ALEXANDRIA, Va. — The National Association of Chain Drug Stores has expressed support for the Food and Drug Administration’s recent initiatives to crack down on "rogue" pharmacy web sites.
In a letter sent Tuesday to FDA commissioner Margaret Hamburg, NACDS voiced its concern about domestic and foreign web sites that appear to be selling unapproved or misbranded drugs to U.S. consumers.
The FDA’s enforcement actions against such sites came as part of the International Internet Week of Action (IIWA), a weeklong global effort begun earlier this month to curb illegal activity involving medical products.
Under the initiative, the FDA targeted 136 web sites suspected of illegally selling unapproved or misbranded drugs to U.S. consumers. The agency also issued 22 warning letters to the operators of those sites and notified Internet service providers and domain name registrars that the sites were violating U.S. law.
"We are deeply concerned about rogue Internet sites, both domestic and foreign, that are engaged in a pattern of illegal activity regarding the prescribing and dispensing of prescription medications," NACDS said in its letter to the FDA.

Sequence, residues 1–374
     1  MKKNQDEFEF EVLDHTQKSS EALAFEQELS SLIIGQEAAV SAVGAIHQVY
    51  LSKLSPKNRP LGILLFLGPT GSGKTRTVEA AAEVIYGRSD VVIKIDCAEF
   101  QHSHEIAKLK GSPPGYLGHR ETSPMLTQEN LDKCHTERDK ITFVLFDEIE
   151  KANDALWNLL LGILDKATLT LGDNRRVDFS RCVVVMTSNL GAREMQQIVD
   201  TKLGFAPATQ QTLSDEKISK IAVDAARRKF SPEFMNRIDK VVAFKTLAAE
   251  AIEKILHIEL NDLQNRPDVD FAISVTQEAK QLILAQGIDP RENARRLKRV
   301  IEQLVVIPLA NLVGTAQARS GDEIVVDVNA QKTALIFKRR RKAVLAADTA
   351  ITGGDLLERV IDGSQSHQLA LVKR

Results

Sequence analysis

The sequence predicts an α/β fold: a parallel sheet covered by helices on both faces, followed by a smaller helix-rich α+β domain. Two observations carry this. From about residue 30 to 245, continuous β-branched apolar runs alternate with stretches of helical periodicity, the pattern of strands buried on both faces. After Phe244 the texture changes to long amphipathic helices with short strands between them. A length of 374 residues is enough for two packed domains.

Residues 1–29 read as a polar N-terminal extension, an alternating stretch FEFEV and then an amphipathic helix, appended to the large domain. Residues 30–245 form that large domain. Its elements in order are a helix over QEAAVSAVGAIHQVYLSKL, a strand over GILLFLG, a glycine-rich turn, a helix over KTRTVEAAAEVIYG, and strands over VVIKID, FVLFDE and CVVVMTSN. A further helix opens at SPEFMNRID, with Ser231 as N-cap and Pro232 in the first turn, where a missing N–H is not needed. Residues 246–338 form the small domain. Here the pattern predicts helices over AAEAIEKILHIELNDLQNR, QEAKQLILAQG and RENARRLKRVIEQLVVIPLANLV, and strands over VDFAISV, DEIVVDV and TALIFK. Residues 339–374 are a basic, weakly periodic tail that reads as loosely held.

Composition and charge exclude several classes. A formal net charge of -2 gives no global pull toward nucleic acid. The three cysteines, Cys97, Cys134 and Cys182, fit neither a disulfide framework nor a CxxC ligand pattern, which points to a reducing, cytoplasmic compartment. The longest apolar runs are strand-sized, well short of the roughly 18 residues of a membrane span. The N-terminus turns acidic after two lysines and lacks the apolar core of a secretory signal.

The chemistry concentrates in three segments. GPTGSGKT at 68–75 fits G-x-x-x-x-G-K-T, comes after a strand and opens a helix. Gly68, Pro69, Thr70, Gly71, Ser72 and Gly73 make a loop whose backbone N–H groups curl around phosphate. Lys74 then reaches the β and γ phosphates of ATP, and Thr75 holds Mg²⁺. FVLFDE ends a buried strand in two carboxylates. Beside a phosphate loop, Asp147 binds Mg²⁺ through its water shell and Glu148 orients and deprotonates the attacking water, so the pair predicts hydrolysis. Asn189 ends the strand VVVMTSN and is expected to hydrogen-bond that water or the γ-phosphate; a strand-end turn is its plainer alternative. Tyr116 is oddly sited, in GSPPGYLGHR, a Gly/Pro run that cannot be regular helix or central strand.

"They are shipping unapproved, counterfeit, mislabeled or adulterated products within or into the United States. These illegal Internet sites take advantage of consumers by luring them into illegal schemes to obtain prescription drugs, often controlled substances, without a
prescription or valid patient-prescriber relationship. These Internet sites are not pharmacies," the association stated.
NACDS also noted in the letter that it has worked with Sens. Dianne Feinstein (D., Calif.) and Jeff Sessions (R., Ala.) and Reps. Bart Stupak (D., Mich.) and Lamar Smith (R., Texas) to help pass the Ryan Haight Online Pharmacy Consumer Protection Act. The legislation aims to stop rogue web sites from illegally selling controlled substances while protecting consumer access to sites operated by legitimate state-licensed pharmacies.